Jupiter and Venus have been pushing Earth’s orbit off-track for at least 215 million years, according to a new study.
Scientists appear to have confirmed the longstanding hypothesis that the Earth’s orbit is warped by the gravitational pull of Jupiter and Venus in a cycle that repeats every 405,000 years.
Dennis V Kent, of the Department of Earth and Planetary Sciences at Rutgers University in New Jersey, US, said: “It’s an astonishing result because this long cycle, which had been predicted from planetary motions through about 50 million years ago, has been confirmed through at least 215 million years ago.
“Scientists can now link changes in the climate, environment, dinosaurs, mammals, and fossils around the world to this 405,000-year cycle in a very precise way.”
The team analysed 1,700ft tall rock cores from the Petrified Forest National Park in Arizona and deep cores from suburban New York and New Jersey.
Using well-tested fossil dating techniques, the researchers were able to find evidence of polarity reversal – where the Earth’s magnetic poles flip causing the compass needle to point ‘south’ instead of ‘north’ – in both sets of rock.
The team were able to link reversals in the Earth’s magnetic field to the sediments in the rock cores as well as to climate cycles.
The results showed that the 405,000-year cycle is the most regular astronomical pattern linked to the Earth’s annual turn around the sun, Mr Kent said.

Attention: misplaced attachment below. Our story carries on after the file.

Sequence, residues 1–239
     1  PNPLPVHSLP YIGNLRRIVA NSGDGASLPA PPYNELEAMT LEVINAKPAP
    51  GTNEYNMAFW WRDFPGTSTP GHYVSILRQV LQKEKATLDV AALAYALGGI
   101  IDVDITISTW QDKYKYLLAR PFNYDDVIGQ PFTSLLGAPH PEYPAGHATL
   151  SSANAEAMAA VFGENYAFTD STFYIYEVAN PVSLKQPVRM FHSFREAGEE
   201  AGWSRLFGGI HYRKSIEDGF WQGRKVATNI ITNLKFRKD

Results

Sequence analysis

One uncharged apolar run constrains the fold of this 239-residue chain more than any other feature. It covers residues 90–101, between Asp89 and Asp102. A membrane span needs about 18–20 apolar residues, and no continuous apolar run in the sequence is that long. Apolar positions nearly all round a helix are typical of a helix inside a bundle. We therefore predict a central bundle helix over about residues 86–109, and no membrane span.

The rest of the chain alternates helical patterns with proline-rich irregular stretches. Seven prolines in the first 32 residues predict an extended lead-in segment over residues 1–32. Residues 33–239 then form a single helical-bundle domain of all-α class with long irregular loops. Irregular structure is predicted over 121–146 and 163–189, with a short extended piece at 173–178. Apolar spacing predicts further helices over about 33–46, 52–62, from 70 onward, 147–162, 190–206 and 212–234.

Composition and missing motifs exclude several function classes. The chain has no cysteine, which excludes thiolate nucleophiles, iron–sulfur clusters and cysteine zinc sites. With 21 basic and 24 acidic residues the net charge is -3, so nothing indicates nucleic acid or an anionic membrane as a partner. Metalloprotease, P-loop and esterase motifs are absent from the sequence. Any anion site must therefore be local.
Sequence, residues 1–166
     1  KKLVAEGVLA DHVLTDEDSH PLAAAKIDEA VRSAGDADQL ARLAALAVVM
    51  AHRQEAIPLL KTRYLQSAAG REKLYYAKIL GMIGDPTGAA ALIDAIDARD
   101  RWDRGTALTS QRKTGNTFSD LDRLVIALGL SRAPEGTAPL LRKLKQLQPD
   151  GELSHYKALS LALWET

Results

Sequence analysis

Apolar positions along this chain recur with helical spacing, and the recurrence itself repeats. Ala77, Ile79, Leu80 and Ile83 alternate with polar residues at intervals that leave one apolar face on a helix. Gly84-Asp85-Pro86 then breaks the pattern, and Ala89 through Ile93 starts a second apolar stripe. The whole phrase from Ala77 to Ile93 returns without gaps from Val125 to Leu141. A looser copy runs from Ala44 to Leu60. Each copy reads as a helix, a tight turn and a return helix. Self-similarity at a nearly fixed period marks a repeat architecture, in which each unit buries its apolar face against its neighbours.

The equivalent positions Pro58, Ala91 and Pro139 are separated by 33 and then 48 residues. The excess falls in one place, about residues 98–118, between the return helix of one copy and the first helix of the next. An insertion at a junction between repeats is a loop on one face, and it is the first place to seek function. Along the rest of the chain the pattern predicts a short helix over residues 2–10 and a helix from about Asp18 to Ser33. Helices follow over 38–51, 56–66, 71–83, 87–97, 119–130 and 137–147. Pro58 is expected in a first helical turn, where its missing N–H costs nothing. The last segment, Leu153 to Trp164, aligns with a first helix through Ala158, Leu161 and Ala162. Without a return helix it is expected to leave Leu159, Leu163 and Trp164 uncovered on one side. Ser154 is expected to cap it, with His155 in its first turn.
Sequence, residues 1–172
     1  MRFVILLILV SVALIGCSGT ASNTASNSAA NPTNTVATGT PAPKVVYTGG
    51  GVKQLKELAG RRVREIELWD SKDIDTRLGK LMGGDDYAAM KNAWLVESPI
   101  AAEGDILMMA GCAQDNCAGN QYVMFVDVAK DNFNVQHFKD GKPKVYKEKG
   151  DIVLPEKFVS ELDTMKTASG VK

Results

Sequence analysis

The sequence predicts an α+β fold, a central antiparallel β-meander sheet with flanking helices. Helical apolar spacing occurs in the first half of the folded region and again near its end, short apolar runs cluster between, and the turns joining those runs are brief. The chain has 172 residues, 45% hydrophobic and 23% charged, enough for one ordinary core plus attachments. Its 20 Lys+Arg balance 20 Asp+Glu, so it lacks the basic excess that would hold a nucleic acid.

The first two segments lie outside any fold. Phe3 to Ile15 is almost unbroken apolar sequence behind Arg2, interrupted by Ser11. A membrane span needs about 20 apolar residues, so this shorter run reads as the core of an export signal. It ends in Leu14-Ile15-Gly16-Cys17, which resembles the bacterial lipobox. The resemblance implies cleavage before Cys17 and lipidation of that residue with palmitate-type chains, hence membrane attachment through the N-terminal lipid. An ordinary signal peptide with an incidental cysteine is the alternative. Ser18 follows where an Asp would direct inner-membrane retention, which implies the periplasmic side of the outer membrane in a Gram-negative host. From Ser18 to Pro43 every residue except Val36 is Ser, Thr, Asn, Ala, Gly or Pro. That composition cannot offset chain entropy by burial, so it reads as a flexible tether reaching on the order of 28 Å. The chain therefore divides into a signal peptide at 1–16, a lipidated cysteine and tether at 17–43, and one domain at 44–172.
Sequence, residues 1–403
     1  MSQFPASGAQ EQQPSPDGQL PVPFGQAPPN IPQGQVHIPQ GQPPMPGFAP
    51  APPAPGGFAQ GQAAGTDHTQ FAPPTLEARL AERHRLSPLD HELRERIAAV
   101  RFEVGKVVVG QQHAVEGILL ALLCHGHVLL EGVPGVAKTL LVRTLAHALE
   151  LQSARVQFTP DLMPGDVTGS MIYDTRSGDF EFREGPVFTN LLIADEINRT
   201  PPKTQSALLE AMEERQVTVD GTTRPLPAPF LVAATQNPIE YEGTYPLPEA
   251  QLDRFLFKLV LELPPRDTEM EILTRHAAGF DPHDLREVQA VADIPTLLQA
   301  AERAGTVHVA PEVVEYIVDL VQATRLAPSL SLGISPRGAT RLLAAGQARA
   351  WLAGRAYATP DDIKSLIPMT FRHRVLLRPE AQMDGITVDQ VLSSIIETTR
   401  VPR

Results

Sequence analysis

He added: “There are other, shorter, orbital cycles, but when you look into the past, it’s very difficult to know which one you’re dealing with at any one time, because they change over time.
“The beauty of this one is that it stands alone. It doesn’t change. All the other ones move over it.”
Prior to the study, dates to accurately time when magnetic fields reversed were unavailable for 30 million years of the Late Triassic period (from around 237 million years ago).
The Earth’s magnetic poles have reversed many times over the millennia – meaning, if you were alive about 800,000 years ago, and facing north with a magnetic compass in your hand, the needle would point to south.
The team believe their findings could help understand more about planetary movements as well as determine how Earth’s climate is affected.
Although Mr Kent said: “The climate cycles are directly related to how the Earth orbits the sun and slight variations in sunlight reaching Earth lead to climate and ecological changes.
“The Earth’s orbit changes from close to perfectly circular to about 5% elongated especially every 405,000 years.”
The findings are published in the journal Proceedings of the National Academy of Sciences (PNAS).